Zygmunt Bauman in his sociological work Liquid Modernity would tell us that we are increasingly finding ourselves in a time of ‘interregnum’. The concept of hypermodernity was introduced by the French social theorist Gilles Lipovetsky. In a hypermodern culture, he wrote. But there are now signs – argues GillesLipovetsky, one of the most original social thinkers in Francetoday – that we’ve entered a new phase of.

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Hypermodern Times by Gilles Lipovetsky.

The lust for self-experimentation is striking. Adrien Colliard rated it really liked it May 28, That is also expected of organisations: Reason was demoted to calculations and bureaucratic domination.

Hypermodern Times | Social Theory | Social & Behavioral Sciences | Subjects | Wiley

Hypermodernity is a society characterized by movement, fluidity and hypermoedrn, distanced more than ever from the great structuring principles of modernity.

Jan Martinek rated it really liked it Mar 29, The three parts together make for one cohesive package. In hypermoern hypermodern culture, psychiatric knowledge and tools are suddenly indispensable for people who struggle to use their minds just as their bodies. Tuesday, November 4, “Hypermodern times” by Gilles Lipovetsky and psychiatry.

Attitude of consumption The concept of hypermodernity was introduced by the French social theorist Gilles Lipovetsky. Ksenia Klykova rated it really liked it Jul 13, The interview, conducted by Charles, crystallizes the previous pages by compelling Lipovetsky to boil his ideas down to concise but insightful paragraphs, while also revealing some interesting and sometimes amusing views into the author’s own background and education.

The old rules are lost, but new ways evolve. Modern rationality is also in overdrive, causing continuous change and flexibility.

Caio Miranda rated it really liked it Apr 24, Hypermodern culture is full of paradoxes. Until now, virtually nothing is known about how organisations and communication professionals relate to these hypermodern challenges.

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Sometimes he makes sweeping generalizations to which he provides no foundation, but most of the time he provides examples that make this book a mirror to hypermodern society. This is a very well-balanced book on the ‘post-postmodern era’ – what the author refers to as hypermodernity, a period that is equal parts individualism, consumerism, technocratic revolution, a time filled with paradox. According to GL, the hypermodern age is marked by paradox, transience, insecurity, and anxiety.

The term ‘postmodernity’ has been used to describe that historical transformation of the late 20th century when the institutional breaks holding back individual emancipation disintegrated, thereby giving rise to the full expression of individual desires and the quest for self-fulfilment.

Tines sees ills of Western civilization more as transitional. Lipovetsky has continued to write on topics such as modernity, globalization, consumerism, modern culture, markets, feminism, fashion, and media, but they have the common thread of individualism Hyperconsumption is a consumption which absorbs and integrates more and more spheres of social life and which encourages individuals to consume for their own personal pleasure rather than hypedmodern enhance their social status.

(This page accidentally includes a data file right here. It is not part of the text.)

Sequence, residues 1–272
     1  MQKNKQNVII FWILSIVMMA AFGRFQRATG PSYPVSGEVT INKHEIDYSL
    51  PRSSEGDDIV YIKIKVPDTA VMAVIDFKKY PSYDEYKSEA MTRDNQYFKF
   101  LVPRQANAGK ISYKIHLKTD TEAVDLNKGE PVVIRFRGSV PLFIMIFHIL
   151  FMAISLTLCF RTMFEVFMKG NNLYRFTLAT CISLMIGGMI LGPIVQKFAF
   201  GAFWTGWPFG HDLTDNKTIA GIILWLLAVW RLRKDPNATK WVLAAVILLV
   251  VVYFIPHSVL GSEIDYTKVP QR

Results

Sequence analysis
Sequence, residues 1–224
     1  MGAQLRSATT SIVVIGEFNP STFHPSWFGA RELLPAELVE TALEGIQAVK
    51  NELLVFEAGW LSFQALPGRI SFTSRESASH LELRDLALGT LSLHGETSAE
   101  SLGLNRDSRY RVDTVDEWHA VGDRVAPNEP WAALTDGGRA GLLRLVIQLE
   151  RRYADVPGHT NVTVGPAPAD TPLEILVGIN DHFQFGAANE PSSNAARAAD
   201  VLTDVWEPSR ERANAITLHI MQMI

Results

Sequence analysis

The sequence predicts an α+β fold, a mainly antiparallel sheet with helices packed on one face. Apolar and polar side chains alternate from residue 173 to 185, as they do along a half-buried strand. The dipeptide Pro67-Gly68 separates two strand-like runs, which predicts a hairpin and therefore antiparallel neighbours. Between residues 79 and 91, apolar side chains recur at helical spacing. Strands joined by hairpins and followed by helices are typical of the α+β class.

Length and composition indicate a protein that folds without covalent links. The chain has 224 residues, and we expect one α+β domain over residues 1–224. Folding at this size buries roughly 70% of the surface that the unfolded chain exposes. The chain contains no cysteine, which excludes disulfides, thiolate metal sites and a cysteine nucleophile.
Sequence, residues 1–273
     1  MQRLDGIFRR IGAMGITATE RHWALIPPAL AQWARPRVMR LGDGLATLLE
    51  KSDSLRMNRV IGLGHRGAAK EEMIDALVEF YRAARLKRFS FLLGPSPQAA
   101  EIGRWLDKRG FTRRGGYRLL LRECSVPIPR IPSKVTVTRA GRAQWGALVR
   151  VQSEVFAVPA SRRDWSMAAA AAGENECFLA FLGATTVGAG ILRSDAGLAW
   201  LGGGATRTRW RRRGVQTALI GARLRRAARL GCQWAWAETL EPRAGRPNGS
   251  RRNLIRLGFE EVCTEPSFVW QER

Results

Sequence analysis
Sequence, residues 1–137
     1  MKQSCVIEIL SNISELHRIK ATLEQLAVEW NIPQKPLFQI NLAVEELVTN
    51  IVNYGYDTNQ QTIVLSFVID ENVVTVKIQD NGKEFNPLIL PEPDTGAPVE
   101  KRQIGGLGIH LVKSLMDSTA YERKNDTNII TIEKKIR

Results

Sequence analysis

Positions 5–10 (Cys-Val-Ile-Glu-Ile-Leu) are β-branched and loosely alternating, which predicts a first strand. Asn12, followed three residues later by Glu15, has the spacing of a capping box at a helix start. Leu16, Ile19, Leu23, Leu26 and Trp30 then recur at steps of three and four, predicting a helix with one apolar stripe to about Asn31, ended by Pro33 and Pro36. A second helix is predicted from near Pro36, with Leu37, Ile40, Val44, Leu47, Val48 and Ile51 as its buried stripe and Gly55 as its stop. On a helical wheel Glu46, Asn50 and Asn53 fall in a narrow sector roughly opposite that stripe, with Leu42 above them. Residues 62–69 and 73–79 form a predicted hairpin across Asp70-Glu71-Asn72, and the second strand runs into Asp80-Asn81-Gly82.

The three parts together open a window into the mind of one of today’s most interesting thinkers. Gerardo rated it really liked it May 01, Everything worries and alarms them, and there are no longer any beliefs systems to which they can turn for assurance. Forty years ago, treatment with psychopharmacological agents was widely considered nightmarish. Partly excerpted from this paperavailable in full text, where changes in psychiatry from modernism to postmodern and hypermodern times are described.

Hyperconsumption is a consumption which absorbs and integrates more and more spheres of social life and which encourages individuals to consume for their own personal ,ipovetsky rather than to enhance their social status. Paperback90 pages. Altogether Lipovetsky manages to create a commentary on today’s society while mostly withholding judgment. Results from the European Communication Monitor show that European communication professionals are helping their organisations to function in a hypermodern culture.


Dec 06, Brett Williams rated it really liked it. hypermdoern

Organising and communicating in hypermodern times | Communication Director

The boredom of modernism has become the excess of hypermodernist diversion and distraction: New hospitals use cutting-edge technologies to supervise patients. The hypermodern times actually began when the description of postmodernism became common knowledge in the last decades of the 20th century.

Ivana rated it really liked it Jan 08, Three different clusters of organisations in Europe as seen by communication professionals www. Psychiatry is, and always has been, medicine’s—and perhaps the modern era’s—most daring enterprise. Leave a Reply Cancel reply Enter your comment here In the essay, GL proposes his theory of post-post-modernism, or hypermodernity. The communication function plays an important role in helping the organisation to adapt to a hypermodern society.

This is a page, densely-packed book which consists of an introductory essay by Charles Sebastien, the main essay by Lipovetsky, and tims interview of the latter by the former.

Organising and communicating in hypermodern times

Lipovetsky began his philosophical career as a Marxist, similar to many hypermodsrn in the s. One hundred years since the Romanov murders One hundred years have just passed since the Bolshevik regime in what was to become the Soviet union decided to kill all members of the Roma These are hypermodern times.

Yet the need for security and predictability is ever-increasing.